The concentrate is pumped from the concentrate stock tank to a PF9.5 Larox pressure filter. The filter operates in timed cycles, which include the stages of feeding, air blowing, water pressing and discharge. The cycle times will vary from 11 minutes to 15 minutes depending on ore type. A dewatering aid, Aerodri 104, is added to the concentrate storage tank to improve water percolation during filtration.
Filtered concentrate (11% to 13 %moisture) is discharged onto belt conveyors, which transfer the concentrate to a bagging system where it is fed into super sacks for shipping to the smelter. The super sacks, approx. 2,500 kg when completely filled, are continuously weighed as they are filled and the weights recorded. Samples are taken from each individual bag and assayed. At current production levels, an estimated 30 to 45 bags will be filled per day with flotation concentrate.
The flotation and gravity concentrate products produced from the milling process are shipped to various smelter customers in North America. After the flotation concentrate has been bagged it is loaded onto covered transport trucks, which transport the material 300 km to our warehouse storage facility in Kitwanga. The same transport trucks are also used to truck the Direct Ship Mine to Smelter Ore (DSO) to the Kitwanga facility. At Kitwanga, the flotation concentrate and DSO material are loaded into railway cars for transport to our various smelter customers.
The immediate area encompassing the Eskay Creek minesite does not have sufficient space for a tailings storage pond facility. Therefore, an alternate location 7 km from the minesite was developed and permitted for sub-aqueous tailings deposition. Sub¬aqueous deposition was chosen because the sulphide tailings would not be exposed to oxygen from the atmosphere where generation of acid mine drainage would occur. Sub-aqueous deposition also eliminates the need for continuous treatment of water from the tailings deposition area. Shown in Figure 7, is the Tailings Deposition System.
Flotation tailings are pumped to a 13.1 foot diameter, high capacity, Eimco thickener with an E-Duc feed-well system. Thickener overflow is directed to the process water tank, and thickener underflow at 40% solids is pumped to the tailings stock tank. Percol-155 flocculant is added to the thickener feedwell to aid in settling of solids. The stock tank provides storage for 3 to 5 hours of tailings production at nominal plant feed rates.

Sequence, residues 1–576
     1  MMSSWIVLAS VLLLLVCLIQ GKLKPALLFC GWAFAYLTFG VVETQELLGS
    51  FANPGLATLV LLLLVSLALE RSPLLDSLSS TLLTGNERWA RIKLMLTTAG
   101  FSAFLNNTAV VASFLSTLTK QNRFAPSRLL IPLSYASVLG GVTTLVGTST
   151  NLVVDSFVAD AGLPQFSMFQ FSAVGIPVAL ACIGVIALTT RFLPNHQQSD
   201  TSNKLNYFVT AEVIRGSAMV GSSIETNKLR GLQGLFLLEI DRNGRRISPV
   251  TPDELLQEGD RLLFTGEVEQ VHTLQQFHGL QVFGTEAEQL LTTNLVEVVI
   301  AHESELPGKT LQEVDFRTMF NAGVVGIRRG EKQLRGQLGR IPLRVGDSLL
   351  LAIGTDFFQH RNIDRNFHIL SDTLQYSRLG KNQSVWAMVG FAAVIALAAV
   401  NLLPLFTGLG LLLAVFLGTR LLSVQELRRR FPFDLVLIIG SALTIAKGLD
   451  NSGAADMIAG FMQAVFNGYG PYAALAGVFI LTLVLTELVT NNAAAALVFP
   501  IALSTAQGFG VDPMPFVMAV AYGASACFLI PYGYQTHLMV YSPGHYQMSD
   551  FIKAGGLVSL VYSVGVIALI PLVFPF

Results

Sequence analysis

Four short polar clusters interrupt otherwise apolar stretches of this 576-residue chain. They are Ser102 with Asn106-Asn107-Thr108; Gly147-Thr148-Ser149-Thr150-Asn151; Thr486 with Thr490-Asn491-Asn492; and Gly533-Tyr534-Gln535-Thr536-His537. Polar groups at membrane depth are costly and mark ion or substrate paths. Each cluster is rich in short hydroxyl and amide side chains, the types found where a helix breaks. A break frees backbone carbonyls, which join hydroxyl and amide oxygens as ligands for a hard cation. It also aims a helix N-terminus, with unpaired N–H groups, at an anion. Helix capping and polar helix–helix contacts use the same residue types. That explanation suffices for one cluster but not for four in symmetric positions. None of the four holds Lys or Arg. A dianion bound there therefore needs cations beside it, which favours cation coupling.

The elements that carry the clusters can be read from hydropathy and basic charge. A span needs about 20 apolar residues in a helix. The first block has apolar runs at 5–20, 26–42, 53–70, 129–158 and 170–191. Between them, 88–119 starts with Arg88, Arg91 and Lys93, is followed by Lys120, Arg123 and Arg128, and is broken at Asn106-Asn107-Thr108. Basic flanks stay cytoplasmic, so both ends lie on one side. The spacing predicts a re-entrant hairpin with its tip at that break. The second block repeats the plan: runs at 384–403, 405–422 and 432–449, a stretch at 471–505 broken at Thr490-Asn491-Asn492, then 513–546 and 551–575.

The tailings are pumped from the storage tank to the 250 hp Wirth positive displacement pump. The Wirth pump, pumps the tailings 7 km to the McKay Lake deposition area. There are two separate 2.5” ID tailings line, one is in operation, while the other is a spare. At McKay Lake the twin tailings line are joined into one pipeline where the tailings are deposited sub-aqueously 23 meters below the lake surface.
Measurements of water quality leaving the lake are taken on a daily basis. A yearly bathymetric sonar survey of the lakebed is performed to monitor the deposition of tailings.
All the water used in the concentrating process (approximately 70 to 80 gpm) is collected and sent the to Delta Stak clarifier. In Figure 8, is illustrated the Water Treatment System. At the Delta Stak clarifier, lime and ferric sulphate are added to precipitate the dissolved metals out of solution. The pH of the water along with metals content is continuously monitored prior to feeding the four cleaning ponds. The majority of the precipitates are collected at the bottom of the clarifier and pumped to the tailings stock tank for deposition. Adjustments to pH or ferric addition are made to maintain strict water quality standards in the ponds. Located at Pond #3 are the reclaim pumps, which pump water back to the Mill for reuse. Combined, the four polishing ponds have 20 to 24 hours of residence time, and collect any residue precipitates prior to discharge into the environment. Once a year the ponds are pumped clean, removing any precipitate build-up to increase the pond volume to maximum, thereby increasing the residence time.
Water from the underground mine is also collected and treated prior to discharge into the environment. All water from the mine, and various surface sumps around the minesite are pumped to the Mine Water thickener. Percol-155 flocculant and ferric sulphate are added to the thickener feedwell to aid in settling of solids and precipitates. Thickener overflow is directed to the Delta Stak clarifier for further treatment, and 10% Solids thickener underflow is pumped to the SB 750 Falcon concentrator. The Falcon concentrator recovers any free gold in the underflow material. Concentrate from the Falcon concentrator is sent directly to the final concentrate for dewatering. The underflow material from the Mine Water thickener is sent to the tailings thickener for deposition using the tailings system.
Summary of Mineralization Styles in the Eskay Creek 21 Zone
Figure 3. Geological Mineralization of Eskay Creek Ore Body
Figure 6. Key Operating Statistics for Mill
Figure 7. Tailings Disposal System